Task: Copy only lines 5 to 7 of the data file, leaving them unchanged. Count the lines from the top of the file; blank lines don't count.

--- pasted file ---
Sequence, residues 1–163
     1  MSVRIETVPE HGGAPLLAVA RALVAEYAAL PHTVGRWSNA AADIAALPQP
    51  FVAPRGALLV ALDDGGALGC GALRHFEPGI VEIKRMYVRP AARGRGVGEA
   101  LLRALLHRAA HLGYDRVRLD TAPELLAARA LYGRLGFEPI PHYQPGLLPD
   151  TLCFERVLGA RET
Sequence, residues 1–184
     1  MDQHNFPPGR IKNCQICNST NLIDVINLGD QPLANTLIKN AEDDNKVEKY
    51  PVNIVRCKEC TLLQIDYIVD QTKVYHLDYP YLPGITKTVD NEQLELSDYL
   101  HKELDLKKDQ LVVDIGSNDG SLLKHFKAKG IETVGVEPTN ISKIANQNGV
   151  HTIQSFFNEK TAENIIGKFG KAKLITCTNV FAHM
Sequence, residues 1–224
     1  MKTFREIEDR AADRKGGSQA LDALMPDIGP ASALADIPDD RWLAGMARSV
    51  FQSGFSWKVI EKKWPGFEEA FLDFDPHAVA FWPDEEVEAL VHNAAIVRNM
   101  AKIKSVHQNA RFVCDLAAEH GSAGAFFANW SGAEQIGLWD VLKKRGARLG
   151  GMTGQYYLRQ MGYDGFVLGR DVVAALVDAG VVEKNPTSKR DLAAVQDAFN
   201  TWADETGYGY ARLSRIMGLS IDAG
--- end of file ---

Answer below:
   151  TLCFERVLGA RET
Sequence, residues 1–184
     1  MDQHNFPPGR IKNCQICNST NLIDVINLGD QPLANTLIKN AEDDNKVEKY